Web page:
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Economic impact from COVID-19 could be long-lasting

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The wounds of the COVID-19 pandemic are still fresh in our minds, but the scars could last much longer.

As the pandemic struck, everyone was encouraged to stay home for their safety.

And nearly everyone did, for just about two months.

“Really since the outbreak started in mid-March, you have places like the Bismarck Events center, like our convention and visitors hotels, they really have been idle,” said Brian Ritter with the Bismarck-Mandan Chamber of Commerce.

That’s two months of people not putting money back into their community, as well as communities not getting outside visitors.

“As events get postponed, that means less travelers coming to our community and if we have less travelers coming to our community that means their spending less in our community and so we’re gonna see those occupancy tax collections go down over the next couple of months,” said Brian Ritter, head of the Bismarck Mandan Chamber of Commerce.

Ritter says Hotel Occupancy tax collections, as well as Restaurant and Lodging tax collections, are all down nearly 20%.

In Minot, it’s more of the same, as hotel occupancy in April was down nearly 19% over last April.

And with the cancellation of the State Fair and Høstfest, the ripple effect of losing all that tax revenue is starting to be felt already.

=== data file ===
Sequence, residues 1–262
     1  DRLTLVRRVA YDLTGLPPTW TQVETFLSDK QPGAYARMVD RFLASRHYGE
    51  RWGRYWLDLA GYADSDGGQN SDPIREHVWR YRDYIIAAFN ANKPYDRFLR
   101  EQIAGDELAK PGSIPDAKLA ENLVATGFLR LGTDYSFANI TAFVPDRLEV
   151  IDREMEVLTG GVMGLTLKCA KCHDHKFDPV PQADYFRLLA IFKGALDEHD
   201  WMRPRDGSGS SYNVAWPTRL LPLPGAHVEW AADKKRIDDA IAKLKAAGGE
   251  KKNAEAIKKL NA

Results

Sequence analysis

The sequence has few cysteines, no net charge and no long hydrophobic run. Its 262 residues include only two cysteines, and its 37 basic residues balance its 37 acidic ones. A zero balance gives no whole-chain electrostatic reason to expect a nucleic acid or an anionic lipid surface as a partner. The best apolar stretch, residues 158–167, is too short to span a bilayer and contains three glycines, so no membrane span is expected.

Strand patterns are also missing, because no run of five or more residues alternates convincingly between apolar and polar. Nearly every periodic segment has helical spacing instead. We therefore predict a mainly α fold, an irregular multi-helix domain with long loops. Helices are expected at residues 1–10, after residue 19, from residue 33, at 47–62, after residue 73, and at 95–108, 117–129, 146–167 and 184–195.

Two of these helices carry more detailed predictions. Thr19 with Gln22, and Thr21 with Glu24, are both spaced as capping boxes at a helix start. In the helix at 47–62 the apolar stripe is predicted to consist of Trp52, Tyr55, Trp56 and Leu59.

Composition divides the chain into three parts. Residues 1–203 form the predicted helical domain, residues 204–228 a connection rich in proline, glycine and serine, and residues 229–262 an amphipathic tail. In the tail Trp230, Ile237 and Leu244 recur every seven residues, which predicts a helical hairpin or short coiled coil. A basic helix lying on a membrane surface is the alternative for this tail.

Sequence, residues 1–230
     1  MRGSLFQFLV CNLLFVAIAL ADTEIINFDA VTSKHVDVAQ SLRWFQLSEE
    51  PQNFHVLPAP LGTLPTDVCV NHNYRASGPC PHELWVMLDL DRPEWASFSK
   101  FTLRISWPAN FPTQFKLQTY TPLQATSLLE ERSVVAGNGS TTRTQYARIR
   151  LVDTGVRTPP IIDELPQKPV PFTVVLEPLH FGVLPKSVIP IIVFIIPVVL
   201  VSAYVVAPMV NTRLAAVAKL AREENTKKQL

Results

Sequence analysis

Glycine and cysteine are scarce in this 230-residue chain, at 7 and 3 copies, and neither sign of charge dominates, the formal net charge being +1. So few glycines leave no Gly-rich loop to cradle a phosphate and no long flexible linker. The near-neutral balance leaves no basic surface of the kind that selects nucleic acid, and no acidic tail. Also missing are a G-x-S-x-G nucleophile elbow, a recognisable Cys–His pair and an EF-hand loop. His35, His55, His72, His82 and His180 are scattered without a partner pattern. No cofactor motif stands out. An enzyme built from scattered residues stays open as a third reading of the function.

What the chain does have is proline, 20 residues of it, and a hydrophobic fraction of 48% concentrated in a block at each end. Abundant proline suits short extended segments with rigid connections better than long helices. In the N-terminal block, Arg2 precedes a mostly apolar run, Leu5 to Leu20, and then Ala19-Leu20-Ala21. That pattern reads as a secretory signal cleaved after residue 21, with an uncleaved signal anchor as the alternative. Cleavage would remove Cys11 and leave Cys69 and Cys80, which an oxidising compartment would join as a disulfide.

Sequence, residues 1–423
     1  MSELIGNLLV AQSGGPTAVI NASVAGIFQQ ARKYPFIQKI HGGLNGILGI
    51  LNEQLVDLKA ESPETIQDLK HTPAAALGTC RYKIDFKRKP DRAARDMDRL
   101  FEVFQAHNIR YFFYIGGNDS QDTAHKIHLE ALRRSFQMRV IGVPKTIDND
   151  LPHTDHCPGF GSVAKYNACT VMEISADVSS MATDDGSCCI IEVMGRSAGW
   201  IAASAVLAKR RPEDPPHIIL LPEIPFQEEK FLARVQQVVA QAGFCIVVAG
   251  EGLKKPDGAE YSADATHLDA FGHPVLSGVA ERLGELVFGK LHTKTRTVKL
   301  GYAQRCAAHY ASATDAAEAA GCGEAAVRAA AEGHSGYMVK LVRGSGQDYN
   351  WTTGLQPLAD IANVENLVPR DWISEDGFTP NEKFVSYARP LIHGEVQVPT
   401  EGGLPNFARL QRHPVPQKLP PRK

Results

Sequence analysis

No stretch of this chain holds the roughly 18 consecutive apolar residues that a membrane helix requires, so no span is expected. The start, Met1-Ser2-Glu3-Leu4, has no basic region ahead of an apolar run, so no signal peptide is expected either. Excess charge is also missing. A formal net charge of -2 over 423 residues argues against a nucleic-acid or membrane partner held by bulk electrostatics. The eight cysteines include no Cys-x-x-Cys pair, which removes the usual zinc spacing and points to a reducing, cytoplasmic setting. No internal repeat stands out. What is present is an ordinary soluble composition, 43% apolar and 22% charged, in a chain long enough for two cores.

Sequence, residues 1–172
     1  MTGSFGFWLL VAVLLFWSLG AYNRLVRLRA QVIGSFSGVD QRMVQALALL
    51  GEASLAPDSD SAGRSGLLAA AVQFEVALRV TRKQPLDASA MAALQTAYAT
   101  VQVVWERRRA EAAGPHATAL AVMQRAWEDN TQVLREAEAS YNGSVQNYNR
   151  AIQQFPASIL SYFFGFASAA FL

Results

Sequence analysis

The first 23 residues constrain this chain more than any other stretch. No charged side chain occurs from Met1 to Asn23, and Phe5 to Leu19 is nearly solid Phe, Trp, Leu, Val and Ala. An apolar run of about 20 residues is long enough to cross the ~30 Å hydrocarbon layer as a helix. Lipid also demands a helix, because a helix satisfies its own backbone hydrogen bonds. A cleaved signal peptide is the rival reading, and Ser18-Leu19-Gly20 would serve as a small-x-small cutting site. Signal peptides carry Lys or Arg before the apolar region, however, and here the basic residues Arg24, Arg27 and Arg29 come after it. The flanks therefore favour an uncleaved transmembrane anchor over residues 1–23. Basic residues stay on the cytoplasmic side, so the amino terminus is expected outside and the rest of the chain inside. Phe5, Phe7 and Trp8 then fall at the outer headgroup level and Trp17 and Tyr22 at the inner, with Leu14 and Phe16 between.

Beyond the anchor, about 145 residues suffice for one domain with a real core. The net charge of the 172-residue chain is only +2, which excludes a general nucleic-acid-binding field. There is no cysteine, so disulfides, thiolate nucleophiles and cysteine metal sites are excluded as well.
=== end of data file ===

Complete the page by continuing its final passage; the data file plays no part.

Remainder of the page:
“The City Council did already postponed two projects, they had bids in and they postponed awarding those bids for two major infrastructure projects for at least a year,” said Minot Chamber head L. John MacMartin

The lack of tourism caused by the COVID-19 pandemic is causing many cities across the country as well as here in North Dakota to reconsider the ways that they lure people to visit their cities, some saying they’re even thinking about a plan to focus more on getting people from within the state to visit their city rather than trying to lure others from out of state.

Dickinson is a prime example of this. Hotel Occupancy in April compared to last April plunged 55%.

“We’re really looking to get, North Dakotan’s that normally don’t visit this area, to come and visit, because we’re within a day, there’s some really great visitors options and tourism things to do, and it’s really not that long of a drive from one corner of the state to the other here in North Dakota,” said Dickinson Chamber of Commerce director Christina Jorgensen.

And they need visitors, especially after the two-week-long Rough Rider Days Fair scheduled for later this month was canceled.

All three say they do feel their communities will bounce back faster than other larger cities across the country because of all the diverse offerings each has to offer for tourists.

Copyright 2020 Nexstar Inc. All rights reserved. This material may not be published, broadcast, rewritten, or redistributed.

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